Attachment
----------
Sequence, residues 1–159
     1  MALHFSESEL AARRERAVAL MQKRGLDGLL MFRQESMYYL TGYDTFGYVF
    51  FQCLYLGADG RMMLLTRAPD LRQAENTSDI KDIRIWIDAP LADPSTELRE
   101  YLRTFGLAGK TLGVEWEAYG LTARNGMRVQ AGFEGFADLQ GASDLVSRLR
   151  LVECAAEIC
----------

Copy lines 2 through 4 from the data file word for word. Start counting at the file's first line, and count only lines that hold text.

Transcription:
     1  MALHFSESEL AARRERAVAL MQKRGLDGLL MFRQESMYYL TGYDTFGYVF
    51  FQCLYLGADG RMMLLTRAPD LRQAENTSDI KDIRIWIDAP LADPSTELRE
   101  YLRTFGLAGK TLGVEWEAYG LTARNGMRVQ AGFEGFADLQ GASDLVSRLR